A ‘bullsh*t job’ is better than no job at all
Anthropologist believes ruling class ‘has figured out that a happy and productive population with free time on its hands is a mortal danger’
We’ve all been there, sitting in an overheated conference room, halfway through your seventh consecutive meeting about some upcoming meeting, when it suddenly dawns on you that the whole thing is a giant Ponzi scheme. Photograph: Bryan O’Brien/The Irish Times
One of the few remaining advantages of my job – now that the bright future, the long lunches and the veneer of glamour have all been stripped away – is that it is possible to describe what I do to a five year old.
I have friends who make more money, doing important sounding things in wealth creation, business development, fund management or life coaching. But I’m pretty sure they can’t explain what it is they actually do to the average preschooler. In fact, I bet some of them would be hard pressed to explain it to their boss.
The American anthropologist and one of the first members of the Occupy movement, David Graeber, has a theory about jobs like these. He calls them “bullsh*t jobs”.
In an essay on the Strike! Magazine website, Graeber writes that John Maynard Keynes promised that by now we would all be working a 15-hour week. “In technological terms, we are quite capable of this. And yet it didn’t happen. Instead, technology has been marshalled, if anything, to figure out ways to make us all work more.”
Graeber believes that the “ruling class has figured out that a happy and productive population with free time on its hands is a mortal danger” and so has invented work to keep us all busy. Into the general category of “bullsh*t jobs” he puts most positions in the financial services, telemarketing, corporate law, administration, human resources and public relations. (If you think the idea of a capitalist economy rustling up jobs, Soviet style, out of thin air is a bit far-fetched, I’ve got three words for you: “Y2K readiness engineer”.)
It’s an intriguing notion. We’ve all been there, sitting in an overheated conference room, halfway through your seventh consecutive meeting about some upcoming meeting, when it suddenly dawns on you that the whole thing is a giant Ponzi scheme. But then someone produces a plate of custard creams, and your Jerry Maguire moment passes, and you’re back to being Tim from The Office, dreaming of a future beyond Wernham Hogg.
Somewhere along the way to our leisure society, work seems to have become the end in itself, to the extent that many people are now employed specifically to find ways to entertain people who are supposed to be working. App designers and social media site developers clamour for the attention of that sought-after demographic: the bored-at-work (BAWs).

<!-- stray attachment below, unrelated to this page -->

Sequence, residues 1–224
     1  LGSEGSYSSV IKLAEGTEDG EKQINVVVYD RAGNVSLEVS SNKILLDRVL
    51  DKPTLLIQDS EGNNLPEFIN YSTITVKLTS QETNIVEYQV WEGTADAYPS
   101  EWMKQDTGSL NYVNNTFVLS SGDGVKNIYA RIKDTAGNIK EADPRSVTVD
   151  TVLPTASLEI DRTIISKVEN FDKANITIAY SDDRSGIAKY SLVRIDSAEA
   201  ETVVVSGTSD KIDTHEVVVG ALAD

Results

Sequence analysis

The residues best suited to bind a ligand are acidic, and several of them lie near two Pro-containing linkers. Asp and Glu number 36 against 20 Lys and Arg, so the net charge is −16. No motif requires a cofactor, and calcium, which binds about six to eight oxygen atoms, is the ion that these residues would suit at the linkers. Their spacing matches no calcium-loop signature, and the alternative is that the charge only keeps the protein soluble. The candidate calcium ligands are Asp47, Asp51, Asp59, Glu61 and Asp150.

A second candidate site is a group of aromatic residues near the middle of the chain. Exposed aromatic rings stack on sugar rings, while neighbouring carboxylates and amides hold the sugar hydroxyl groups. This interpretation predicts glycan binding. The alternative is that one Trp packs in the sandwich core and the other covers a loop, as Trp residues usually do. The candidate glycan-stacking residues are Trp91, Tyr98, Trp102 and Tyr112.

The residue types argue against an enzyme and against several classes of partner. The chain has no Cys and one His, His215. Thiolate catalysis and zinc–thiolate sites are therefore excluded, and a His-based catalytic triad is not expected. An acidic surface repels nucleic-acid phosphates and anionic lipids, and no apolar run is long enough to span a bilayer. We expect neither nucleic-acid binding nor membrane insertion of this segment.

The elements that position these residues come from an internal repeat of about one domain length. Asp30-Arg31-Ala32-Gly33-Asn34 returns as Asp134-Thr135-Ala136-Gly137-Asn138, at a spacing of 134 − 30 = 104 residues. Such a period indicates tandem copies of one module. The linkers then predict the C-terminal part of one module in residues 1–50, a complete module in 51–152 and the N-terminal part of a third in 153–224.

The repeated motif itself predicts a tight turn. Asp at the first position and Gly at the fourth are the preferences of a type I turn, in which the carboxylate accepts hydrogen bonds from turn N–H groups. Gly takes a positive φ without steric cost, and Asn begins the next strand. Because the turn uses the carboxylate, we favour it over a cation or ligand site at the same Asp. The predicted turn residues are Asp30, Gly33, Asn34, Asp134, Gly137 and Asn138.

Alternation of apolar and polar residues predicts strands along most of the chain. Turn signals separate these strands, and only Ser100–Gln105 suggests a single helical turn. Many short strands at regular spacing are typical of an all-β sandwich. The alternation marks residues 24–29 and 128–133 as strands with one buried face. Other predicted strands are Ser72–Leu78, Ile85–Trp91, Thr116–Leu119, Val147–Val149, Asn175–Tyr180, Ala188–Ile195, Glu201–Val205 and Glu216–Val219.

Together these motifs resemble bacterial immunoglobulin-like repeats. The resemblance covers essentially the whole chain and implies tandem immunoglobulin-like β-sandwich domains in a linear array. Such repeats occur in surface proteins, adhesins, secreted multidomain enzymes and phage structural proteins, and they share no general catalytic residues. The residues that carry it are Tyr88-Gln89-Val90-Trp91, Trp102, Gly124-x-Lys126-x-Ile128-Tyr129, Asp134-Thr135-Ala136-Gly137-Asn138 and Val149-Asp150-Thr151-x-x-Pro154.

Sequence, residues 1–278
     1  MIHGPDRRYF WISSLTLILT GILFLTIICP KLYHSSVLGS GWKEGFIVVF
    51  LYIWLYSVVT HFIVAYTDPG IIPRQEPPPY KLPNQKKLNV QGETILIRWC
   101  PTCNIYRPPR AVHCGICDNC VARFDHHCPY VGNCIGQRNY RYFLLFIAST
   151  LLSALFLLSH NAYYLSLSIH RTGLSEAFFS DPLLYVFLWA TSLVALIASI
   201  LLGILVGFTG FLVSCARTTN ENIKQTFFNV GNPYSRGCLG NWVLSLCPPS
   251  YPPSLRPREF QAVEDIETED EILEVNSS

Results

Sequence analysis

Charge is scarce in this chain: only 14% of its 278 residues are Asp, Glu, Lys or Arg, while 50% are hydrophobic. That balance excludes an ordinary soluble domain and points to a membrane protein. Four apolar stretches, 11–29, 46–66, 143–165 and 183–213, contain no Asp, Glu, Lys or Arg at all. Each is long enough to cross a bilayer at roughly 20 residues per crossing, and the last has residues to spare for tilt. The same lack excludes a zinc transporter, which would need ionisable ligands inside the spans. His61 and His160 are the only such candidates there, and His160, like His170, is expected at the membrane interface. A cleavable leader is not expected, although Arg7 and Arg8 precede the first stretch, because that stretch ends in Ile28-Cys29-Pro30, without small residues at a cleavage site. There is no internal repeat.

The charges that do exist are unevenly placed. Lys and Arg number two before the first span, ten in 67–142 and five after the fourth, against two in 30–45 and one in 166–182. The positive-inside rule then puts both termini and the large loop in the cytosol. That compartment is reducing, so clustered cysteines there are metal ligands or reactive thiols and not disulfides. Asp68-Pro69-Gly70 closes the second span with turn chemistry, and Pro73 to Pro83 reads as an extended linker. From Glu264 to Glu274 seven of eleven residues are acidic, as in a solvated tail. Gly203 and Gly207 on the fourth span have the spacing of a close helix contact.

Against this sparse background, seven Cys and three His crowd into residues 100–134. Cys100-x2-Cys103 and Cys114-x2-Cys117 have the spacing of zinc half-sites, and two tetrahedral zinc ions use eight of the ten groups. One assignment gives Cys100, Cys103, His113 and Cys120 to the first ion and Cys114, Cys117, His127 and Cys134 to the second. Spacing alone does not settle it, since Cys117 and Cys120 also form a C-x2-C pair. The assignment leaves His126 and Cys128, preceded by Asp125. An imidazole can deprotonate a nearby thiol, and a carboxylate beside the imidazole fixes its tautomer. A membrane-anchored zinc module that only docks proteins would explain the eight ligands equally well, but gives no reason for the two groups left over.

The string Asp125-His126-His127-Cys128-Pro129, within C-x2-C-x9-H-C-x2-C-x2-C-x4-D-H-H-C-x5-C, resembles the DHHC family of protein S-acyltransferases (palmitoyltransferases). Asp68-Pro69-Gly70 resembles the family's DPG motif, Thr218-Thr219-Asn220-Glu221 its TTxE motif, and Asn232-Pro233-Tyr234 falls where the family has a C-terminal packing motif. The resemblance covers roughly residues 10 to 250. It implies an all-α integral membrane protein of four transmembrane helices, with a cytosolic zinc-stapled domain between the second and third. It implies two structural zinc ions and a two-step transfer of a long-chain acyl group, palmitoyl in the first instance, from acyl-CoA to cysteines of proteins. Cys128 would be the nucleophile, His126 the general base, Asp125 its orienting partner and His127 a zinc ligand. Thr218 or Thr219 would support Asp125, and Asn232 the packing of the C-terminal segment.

Without BAWs, there might still be a YouTube, but it almost certainly wouldn’t be mostly populated by videos of cats going up elevators.
Even people in jobs that most of us would agree are “meaningful” seem to spend an ever-greater proportion of their time doing nonsense work.
Last weekend, a doctor recounted on the Marian Finuncane show how he was so exhausted filling in paperwork after a 30-hour shift that he fell off his chair, sound asleep.
Graeber argues that, with the exception of medicine, most jobs which directly benefit others are those least well remunerated and the subject of most misdirected rage in a capitalist society (only this week, Rupert Murdoch demonstrated this point by tweeting about “public sector workers and phony welfare scroungers sucking life out of economy”.)
But let’s not get carried away. There may have been more honest toil around in our grandparents’ time, but there were plenty of “bullsh*t jobs” too.
Was the need for a 12 volume set of the Encyclopaedia Britannica so pressing that it required teams of salesmen travelling door-to-door? Did people really have to have their milk delivered daily? Why did buses need a conductor and a driver?
The other problem with Graeber’s essay is that he is coming at it from a perspective of privilege – notions like useful work and dignity in labour become a lot less urgent if you’re on the dole and preoccupied with feeding a family.
But his central point stands. As we have moved from the industrial age to the information age, there has been a shift not just in the type of jobs we do, but in the way we view work itself.
With the migration from actual farms to cubicle farms, we have come to see our jobs as extensions of ourselves, the 50-hour week and the always-on iPhone as covetable status symbols. Keynes imagined a world where no-one would work more than 15 hours; instead what we’ve ended up with is a world in which no-one is ever really not at work, and hardly anyone has a clue what anyone else is doing.